Joe Kernen: We’re just seconds away from import price data for July, and Kevin Ferry is standing by at the CME in Chicago.
(To Kevin Ferry) Don’t screw this up because you don’t normally do it. Usually it’s Santelli. So whatever you do, don’t screw this up, Kevin.
Kevin Ferry: No pressure. Import prices down 0.6. that’s actually weak. We were looking for it to come back on to the high side after a big oil moved down last time. Small revision the Dow 2.4 from 2.7. Year over year you’re still looking at prices falling out of bed, Joe, down 3.2%, year over year. Wow.
JK: Also, when we were corresponding earlier, Kevin, you wanted me to ask you something that I didn’t really understand, that was compelling. What was that?
KF: Oh, well I was just noticing that there are Libor subpoenas raining down on the New York branches of these foreign banks today. So I think you really have to watch it. The BBA is now saying they are going to go into ‘overhaul’ mode. So as if we don’t have enough things going on, you’re going to start opening up a Pandora’s Box here in the Libor sector of the market.
JK: I see. So what would the implications be for Libor, do you think?
KF: Well, I think what they’re going to do, Joe, is basically put the old system in a coma, and work to devise something that’s a little bit better, and it’s going to be tricky. So ah, hey, I’m a Merck guy. I cut my teeth in the euro/dollar pit, but watch the new general collateral futures at the New York stock exchange. I think that’s where the interest is going to go.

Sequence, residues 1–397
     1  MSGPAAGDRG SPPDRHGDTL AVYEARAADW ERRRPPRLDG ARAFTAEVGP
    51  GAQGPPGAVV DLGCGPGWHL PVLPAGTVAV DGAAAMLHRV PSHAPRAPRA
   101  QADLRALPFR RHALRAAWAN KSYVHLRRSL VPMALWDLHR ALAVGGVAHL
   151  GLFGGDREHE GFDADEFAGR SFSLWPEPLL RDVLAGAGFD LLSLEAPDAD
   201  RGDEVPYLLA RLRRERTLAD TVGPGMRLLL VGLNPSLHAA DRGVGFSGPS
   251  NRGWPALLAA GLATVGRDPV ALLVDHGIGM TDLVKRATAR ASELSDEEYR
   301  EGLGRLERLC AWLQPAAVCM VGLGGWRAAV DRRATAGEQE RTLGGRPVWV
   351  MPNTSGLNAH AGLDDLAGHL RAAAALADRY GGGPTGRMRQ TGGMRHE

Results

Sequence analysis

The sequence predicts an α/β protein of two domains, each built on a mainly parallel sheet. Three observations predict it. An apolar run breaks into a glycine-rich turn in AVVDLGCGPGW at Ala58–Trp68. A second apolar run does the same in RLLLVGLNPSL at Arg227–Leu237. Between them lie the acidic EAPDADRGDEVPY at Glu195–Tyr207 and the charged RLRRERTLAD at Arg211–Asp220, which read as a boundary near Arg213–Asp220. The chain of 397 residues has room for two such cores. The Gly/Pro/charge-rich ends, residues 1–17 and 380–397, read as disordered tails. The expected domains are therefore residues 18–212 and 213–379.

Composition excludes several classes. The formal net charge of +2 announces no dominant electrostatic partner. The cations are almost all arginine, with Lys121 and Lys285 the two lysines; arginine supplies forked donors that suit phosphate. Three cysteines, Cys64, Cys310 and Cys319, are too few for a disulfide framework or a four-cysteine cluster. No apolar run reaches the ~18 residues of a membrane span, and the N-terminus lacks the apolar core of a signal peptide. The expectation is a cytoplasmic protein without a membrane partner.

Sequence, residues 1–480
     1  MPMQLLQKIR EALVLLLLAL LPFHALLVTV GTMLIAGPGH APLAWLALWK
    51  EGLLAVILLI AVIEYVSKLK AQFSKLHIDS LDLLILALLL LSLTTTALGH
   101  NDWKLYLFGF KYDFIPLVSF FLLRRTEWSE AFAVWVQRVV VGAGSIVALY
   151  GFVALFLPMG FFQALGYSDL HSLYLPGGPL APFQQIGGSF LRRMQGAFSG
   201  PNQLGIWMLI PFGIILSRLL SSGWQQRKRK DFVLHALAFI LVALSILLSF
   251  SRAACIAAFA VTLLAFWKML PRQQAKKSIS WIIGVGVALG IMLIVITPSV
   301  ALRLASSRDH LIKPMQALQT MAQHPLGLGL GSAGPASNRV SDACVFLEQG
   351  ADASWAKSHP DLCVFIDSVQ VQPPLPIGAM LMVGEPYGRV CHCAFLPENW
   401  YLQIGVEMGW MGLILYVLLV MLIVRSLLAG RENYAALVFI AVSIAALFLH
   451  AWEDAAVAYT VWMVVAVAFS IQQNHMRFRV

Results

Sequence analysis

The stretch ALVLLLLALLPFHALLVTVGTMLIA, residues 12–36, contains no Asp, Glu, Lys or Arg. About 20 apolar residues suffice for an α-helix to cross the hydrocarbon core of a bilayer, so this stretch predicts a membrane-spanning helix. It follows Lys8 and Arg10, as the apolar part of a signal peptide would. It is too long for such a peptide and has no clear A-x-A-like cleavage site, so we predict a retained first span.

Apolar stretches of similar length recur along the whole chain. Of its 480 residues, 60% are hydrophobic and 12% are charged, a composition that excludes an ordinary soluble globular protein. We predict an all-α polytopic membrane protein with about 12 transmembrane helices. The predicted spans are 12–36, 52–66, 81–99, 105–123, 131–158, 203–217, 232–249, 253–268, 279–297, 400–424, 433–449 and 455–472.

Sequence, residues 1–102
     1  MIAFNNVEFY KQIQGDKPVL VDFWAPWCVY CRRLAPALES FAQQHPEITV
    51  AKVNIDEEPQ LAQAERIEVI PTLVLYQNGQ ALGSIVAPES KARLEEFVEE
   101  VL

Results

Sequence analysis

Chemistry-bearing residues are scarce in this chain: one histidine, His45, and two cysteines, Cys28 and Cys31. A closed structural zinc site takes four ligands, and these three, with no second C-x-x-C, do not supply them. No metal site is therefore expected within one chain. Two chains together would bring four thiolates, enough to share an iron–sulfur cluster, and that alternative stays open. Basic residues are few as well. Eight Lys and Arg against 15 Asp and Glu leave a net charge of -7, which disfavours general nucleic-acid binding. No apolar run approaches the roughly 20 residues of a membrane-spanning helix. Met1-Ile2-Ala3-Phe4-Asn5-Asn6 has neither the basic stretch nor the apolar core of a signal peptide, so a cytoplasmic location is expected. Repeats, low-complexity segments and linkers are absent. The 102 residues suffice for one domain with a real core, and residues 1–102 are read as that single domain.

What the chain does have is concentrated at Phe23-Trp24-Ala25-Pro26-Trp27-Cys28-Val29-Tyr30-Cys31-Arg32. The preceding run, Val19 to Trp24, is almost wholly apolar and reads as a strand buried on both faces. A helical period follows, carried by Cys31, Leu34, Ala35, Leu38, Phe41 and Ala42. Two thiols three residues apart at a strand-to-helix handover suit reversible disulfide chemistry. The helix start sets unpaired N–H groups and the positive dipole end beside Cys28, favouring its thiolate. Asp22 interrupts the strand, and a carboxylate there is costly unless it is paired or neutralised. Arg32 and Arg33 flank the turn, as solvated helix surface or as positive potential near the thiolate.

Co-host Doug Dachille joins in:
DD: So what are they going to do with the euro/dollar futures and all the outstanding notion of principal of contracts linked to Libor? I mean is everybody going to convert their Libor interest rate swaps to cost of fund funds or Fed fund basis swaps or some other index?
KF: Are you asking me? I’ve asked that question as high as I could ask it and I get blank stares. So I don’t think you can violate the open interest in the contracts of over two decades.
DD: What I find fascinating is, we had somebody talking about oil earlier today. And everybody uniformly agrees that there’s market manipulation by a fairly strong cartel of people that have – in that case, that cartel has the exact same directional exposure to know that when prices go up, they all make money and when prices go down, they all lose money. But in the Libor space it’s not clear that every bank has exactly the same Libor exposure. so it’s not clear that that cartel in setting Libor and manipulating it, actually is as powerful as the cartel that manages oil prices. Yet I don’t hear any outrage of people routinely trading commodity derivatives and commodity futures, as much as I hear the outrage over euro/dollar futures and Libor-based interest rate swaps. Maybe it’s a perception thing, Everybody assumes that’s what goes on when you trade commodity futures, but nobody ever really thought that was going on when you were trading euro/dollar futures.
KF: Right, well let’s go out for a drink sometime. Laughs.
JK: I knew you guys would be, you’re like soul mates. I just got you started. Thank you, Kevin, Doug.
KF: Thank you, have a good weekend.
JK: OK, you, too.